|Gabe Nabers||FB||6'3 244||Fr.||3 star|
Ryan Green, who has seemingly been in the program forever (recruiting class of 2013) is somehow only a junior after taking a redshirt. His path to being potentially the top backup at running back has been a long one. Green has always had good talent (speed being the chief among them), but has never been able to stay healthy for an extended stretch. He moved to corner to help the team in 2015, but was injured before the season and redshirted, moving back. Green had a promising spring and showed more physicality than he had previously.
If 230-pound sophomore Jacques Patrick can run with the tenacity that Green showed in the spring, he could easily be the No. 2 back. Patrick is imposing and has reshaped his body some this offseason, hopefully unlocking better quickness and conditioning. Some big backs naturally run big, some have to develop the skill and some never are able to do it. Florida State needs Patrick to pound defenders, not to try and play small ball with a big man’s skill set. Sources say the staff wants more toughness out of him. His playing time is partially dependent on his running style this year. It is worth noting that Patrick has excellent hands for a big back and could be used some on third down.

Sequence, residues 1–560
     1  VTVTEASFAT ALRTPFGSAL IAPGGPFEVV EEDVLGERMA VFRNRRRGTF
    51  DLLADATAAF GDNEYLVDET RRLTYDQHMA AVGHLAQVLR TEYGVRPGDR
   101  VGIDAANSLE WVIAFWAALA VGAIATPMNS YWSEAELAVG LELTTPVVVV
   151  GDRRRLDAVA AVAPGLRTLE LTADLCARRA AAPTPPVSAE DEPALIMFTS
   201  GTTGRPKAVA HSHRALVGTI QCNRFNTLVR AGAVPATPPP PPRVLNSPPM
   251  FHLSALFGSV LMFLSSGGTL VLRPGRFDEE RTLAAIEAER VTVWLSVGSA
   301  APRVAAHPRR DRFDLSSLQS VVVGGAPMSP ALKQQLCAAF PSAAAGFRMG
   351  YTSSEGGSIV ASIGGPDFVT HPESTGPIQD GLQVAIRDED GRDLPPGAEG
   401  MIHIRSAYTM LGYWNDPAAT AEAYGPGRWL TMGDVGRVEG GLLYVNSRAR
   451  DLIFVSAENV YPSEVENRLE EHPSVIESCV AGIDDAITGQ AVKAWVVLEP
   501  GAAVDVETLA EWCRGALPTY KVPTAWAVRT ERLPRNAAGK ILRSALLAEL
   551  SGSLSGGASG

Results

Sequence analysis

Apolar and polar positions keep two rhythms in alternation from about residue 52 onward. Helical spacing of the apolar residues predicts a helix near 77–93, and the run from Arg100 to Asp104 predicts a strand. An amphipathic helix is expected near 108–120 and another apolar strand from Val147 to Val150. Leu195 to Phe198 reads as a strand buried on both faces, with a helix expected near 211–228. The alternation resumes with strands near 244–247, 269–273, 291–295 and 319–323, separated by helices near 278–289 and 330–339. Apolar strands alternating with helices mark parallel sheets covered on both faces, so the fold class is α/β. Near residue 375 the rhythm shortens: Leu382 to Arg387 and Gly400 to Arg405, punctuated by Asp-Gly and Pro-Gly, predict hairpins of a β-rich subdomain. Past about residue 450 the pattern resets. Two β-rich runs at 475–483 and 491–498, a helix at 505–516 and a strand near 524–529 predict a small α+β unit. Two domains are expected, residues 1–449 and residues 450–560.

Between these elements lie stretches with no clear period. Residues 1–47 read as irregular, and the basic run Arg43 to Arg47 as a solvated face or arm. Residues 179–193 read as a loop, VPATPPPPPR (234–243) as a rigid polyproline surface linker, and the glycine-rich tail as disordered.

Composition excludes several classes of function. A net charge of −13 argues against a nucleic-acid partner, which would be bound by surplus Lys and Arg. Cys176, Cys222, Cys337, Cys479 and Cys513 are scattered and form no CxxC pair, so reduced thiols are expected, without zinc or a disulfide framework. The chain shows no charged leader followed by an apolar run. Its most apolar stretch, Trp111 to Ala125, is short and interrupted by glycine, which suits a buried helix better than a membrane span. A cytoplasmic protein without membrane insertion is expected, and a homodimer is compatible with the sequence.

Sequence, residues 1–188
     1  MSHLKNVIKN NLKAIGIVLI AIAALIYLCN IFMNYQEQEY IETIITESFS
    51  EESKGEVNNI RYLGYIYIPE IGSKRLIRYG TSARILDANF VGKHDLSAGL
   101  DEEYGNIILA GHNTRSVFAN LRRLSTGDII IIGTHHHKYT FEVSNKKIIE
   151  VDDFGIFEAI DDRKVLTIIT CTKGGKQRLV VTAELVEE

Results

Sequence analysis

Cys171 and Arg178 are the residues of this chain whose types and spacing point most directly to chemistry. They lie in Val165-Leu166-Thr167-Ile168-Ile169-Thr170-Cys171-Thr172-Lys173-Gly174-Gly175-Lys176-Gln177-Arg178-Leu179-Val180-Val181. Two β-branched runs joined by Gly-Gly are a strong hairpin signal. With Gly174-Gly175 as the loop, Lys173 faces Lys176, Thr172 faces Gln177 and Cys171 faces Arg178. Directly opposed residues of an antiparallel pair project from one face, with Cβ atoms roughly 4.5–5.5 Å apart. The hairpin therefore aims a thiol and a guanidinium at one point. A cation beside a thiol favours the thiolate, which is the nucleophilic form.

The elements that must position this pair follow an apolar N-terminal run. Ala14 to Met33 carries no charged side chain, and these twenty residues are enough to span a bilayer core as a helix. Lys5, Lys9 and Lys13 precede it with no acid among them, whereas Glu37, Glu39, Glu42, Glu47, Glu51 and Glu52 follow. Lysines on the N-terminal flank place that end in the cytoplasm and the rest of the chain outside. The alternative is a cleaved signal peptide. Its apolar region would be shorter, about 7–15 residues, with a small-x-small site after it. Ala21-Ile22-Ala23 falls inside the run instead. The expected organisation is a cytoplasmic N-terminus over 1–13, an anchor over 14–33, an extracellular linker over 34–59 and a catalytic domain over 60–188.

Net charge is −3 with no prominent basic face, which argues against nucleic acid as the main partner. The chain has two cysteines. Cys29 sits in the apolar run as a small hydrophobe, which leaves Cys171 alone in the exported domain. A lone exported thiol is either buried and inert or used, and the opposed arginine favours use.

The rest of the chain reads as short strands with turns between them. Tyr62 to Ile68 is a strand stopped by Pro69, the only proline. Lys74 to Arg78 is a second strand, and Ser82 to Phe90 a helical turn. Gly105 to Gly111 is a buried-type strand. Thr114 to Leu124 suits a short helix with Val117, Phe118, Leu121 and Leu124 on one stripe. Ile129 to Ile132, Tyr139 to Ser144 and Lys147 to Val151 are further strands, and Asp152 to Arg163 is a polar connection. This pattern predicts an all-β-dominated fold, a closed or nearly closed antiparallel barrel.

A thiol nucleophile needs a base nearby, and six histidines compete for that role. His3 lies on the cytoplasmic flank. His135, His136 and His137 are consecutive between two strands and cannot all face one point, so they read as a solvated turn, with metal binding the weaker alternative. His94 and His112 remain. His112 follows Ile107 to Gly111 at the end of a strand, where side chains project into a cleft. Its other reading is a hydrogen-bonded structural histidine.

Amir Rasul is a speedster out of South Florida and while he appears buried on the depth chart, Jimbo Fisher has rarely if ever redshirted his skill position players. Rasul should at least get to play in mop-up duty and special teams, if not more.
At fullback, Freddie Stevenson is a good, but not great player. The former linebacker is now around 240 pounds and has steadily improved over the last three seasons. He also has sure hands, hauling in nine passes in 2015. Behind him is Gabe Nabers, perhaps the most physically imposing fullback type (6’3, 244) that Florida State has signed in a decade or more.